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Sony QD-OLED First Look: The OLED TV Competition is Heating Up

Sony QD-OLED First Look: The OLED TV Competition is Heating Up

I’m not ready to converse Sony’s QD-OLED the best TV ever. Not yet, anyway. But based on what I saw during a reserved demo in New York last month, I can say it’s shaping up to be a sure contender.

Sony’s QD-OLED TV, the A95K series, is hands-down the most anticipated television of Sony’s 2022 lineup (which has a lot of new high-end features and characterize quality extras, from a remote finder to mini-LED backlights). Using this new screen technology, Sony promises improved sparkling and viewing angle compared to current, conventional OLED TVs — which already remark the best picture quality on the market. I finally got the chance to see QD-OLED in intimates, and it seems to deliver on that promise.

Sony engineers informed me a 65-inch A95K set up next to an A90J, the company’s best 2021 OLED TV, as well as Sony’s professional-grade OLED mention monitor. They played a series of the same test patterns and video on all three displays simultaneously, similar to how I review TVs. The most worthy difference I saw was deeper, more saturated color of red, for example a woman’s Cluster and buildings at night, on the QD-OLED. Differences in novel colors were less obvious, but my overall impression was that QD-OLED did indeed have better sparkling.


Sony’s A95K QD-OLED TV, top shimmering, next to the 2021 A90J OLED (top left) with Sony smaller OLED mention monitor below.

Richard Peterson

I saw any better fidelity from extreme off-angle on the A95K — the A90J informed more color shift as I moved to the coarse edges, away from dead center — but you’d have to have a really crappy seat on the couch to peep. The QD-OLED also showed slightly smoother treatment of film grain, which Sony’s engineers claimed was a benefit of the way QD-OLED invents light. Based on Sony’s demo, I’d say QD-OLED TVs like the A95K have the potential to outperform “regular” OLED models from Sony as well as from novel TV makers like LG.

But here’s the caveat: Sony says the A95K it used in the demo isn’t a progenies version. It’s an “early prototype,” so the final shipping version could be different. Also, Sony’s demos highlighted the A95K’s strengths, but I mild caught a couple of weaknesses where the older, non QD-OLED actually examined better. The skin tone in one scene was a bit closer to the mention on the A90J, and the screen of the A90J rejected more ambient light than that of the A95K, which had a grayer, not-exactly-black finish. The latter difference impaired the QD-OLED’s Difference under bright lights but wasn’t an issue under dark, home theater-style lighting.


Seen from improper angles the QD-OLED (foreground) maintained color fidelity a bit better than the rotten OLED (far right).

Richard Peterson

It’s qualified mentioning that highlights didn’t look appreciably better on the QD-OLED, and shadow detail between the two was also Difference. Sony’s engineers claimed the QD-OLED does a better job in near-black shadows, but none of their demos showed it as far as I noticed.

I’m looking forward to checking out QD-OLED TVs like the A95K and Samsung’s S95B in my lab, with my own material, and the opportunity to measure and compare them in contradiction of LG’s latest 2022 OLED TVs. Until then, I’m not ready to divulge a winner.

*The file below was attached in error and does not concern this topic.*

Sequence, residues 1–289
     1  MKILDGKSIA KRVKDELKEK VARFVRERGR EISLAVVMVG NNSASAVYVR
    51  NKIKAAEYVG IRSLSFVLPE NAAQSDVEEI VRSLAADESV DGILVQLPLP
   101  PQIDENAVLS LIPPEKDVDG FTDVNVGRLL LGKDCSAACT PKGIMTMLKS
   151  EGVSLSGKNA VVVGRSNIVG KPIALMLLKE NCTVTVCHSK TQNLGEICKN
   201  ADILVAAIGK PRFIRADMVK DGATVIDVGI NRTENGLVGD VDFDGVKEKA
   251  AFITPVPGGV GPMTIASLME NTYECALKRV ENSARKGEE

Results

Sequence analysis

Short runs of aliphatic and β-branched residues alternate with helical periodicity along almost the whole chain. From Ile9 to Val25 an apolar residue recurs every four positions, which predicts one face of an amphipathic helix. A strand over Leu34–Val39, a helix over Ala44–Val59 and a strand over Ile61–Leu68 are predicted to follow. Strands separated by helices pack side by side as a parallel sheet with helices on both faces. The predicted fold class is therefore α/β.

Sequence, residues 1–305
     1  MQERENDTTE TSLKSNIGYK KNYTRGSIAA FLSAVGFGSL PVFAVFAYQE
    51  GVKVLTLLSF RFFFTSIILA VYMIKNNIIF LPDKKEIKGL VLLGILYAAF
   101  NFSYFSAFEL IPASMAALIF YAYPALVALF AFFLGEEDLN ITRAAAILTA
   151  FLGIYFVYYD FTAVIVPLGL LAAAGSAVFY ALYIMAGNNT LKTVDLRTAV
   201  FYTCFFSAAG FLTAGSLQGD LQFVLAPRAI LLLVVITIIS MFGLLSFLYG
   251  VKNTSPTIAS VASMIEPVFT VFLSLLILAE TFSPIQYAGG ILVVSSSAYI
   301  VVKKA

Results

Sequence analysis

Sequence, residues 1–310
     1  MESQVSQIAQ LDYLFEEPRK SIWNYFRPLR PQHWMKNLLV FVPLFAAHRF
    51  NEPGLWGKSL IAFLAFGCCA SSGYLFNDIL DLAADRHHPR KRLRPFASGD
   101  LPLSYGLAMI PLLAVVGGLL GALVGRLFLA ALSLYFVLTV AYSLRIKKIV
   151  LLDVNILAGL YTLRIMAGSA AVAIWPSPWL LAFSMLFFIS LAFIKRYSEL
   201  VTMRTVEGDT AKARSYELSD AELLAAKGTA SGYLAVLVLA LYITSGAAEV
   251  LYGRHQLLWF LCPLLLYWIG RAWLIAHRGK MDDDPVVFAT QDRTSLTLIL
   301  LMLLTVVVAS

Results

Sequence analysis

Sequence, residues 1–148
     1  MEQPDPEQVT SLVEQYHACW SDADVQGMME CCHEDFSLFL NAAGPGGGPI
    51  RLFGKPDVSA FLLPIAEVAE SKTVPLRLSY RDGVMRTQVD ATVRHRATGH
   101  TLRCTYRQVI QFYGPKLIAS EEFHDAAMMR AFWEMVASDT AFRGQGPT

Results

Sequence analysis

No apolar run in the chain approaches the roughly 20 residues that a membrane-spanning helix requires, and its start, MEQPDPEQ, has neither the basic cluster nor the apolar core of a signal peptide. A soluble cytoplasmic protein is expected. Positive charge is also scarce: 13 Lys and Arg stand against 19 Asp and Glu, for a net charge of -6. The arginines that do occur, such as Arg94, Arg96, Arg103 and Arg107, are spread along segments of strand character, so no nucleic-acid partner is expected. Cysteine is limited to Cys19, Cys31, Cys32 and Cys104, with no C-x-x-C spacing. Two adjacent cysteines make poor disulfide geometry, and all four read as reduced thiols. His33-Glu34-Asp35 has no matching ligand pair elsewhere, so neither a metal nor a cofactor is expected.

Sony didn’t specify when I could get a appraisal sample, although it did say the A95K and its new 2022 TVs would ship in spring. It also has yet to officially divulge pricing, but indications peg the 55-inch at $3,000 and the 65-inch at $4000, more than double the price of my current Popular 2021 OLED TV, the LG C1. If those indications despise correct, the Sony A95K will also be significantly more expensive than Samsung’s S95B QD-OLED TV, which damages $2,200 for the 55-inch size and $3,000 for the 65-incher.

Samsung QD Display comparison

Samsung Display’s new OLED panel combines OLED elements with quantum dots to boost shiny and other image quality attributes.

Stephen Shankland

The myriad types of similar-sounding TV footings can get confusing, so bear with me. OLED technology subjects the best TV picture quality available today. Every OLED TV you can buy gleaming now, and most upcoming 2022 models including 2022 Sonys in the A80K and A90K series, use the conventional OLED display panels, not QD-OLED. They rely on yellow and blue OLED materials to beget “white” light and filters to mix in other colors, a technology well-renowned as WRGB OLED. 

The new panels in the A95K series use a different industry method that combines a blue OLED base layer with red and blue quantum dots, hence the “QD.” The A95K is one of two QD-OLED TVs announced for 2022. The new is the Samsung S95B, which I saw in persons very briefly.

Read more: Samsung OLED TV First Look: Why It Will Probably Beat Samsung’s Own QLED TVs

The skull of QD-OLED brings competition to the big-screen OLED TV market. A company called LG Display currently manufactures all of the OLED TV panels available now and supplies them not only to LG Electronics but also to Sony, Vizio, Philips, Panasonic and others worldwide. 

Sony said it was unable to declare information about the panel vendor for the A95K, but rumors display to Samsung Display, which first announced its QD-OLED ambitions in 2019 with an $11 billion investment in a new qualified in Korea.


Richard Peterson

As befits a flagship model the A95K also accounts the full monty of Sony’s 2022 TV features, including a bundled webcam, a remote finder feature, improved gaming featuring HDMI 2.1 inputs, VRR and auto HDR tone mapping for PlayStation 5 and the Google TV consuming system with a hands-free mic.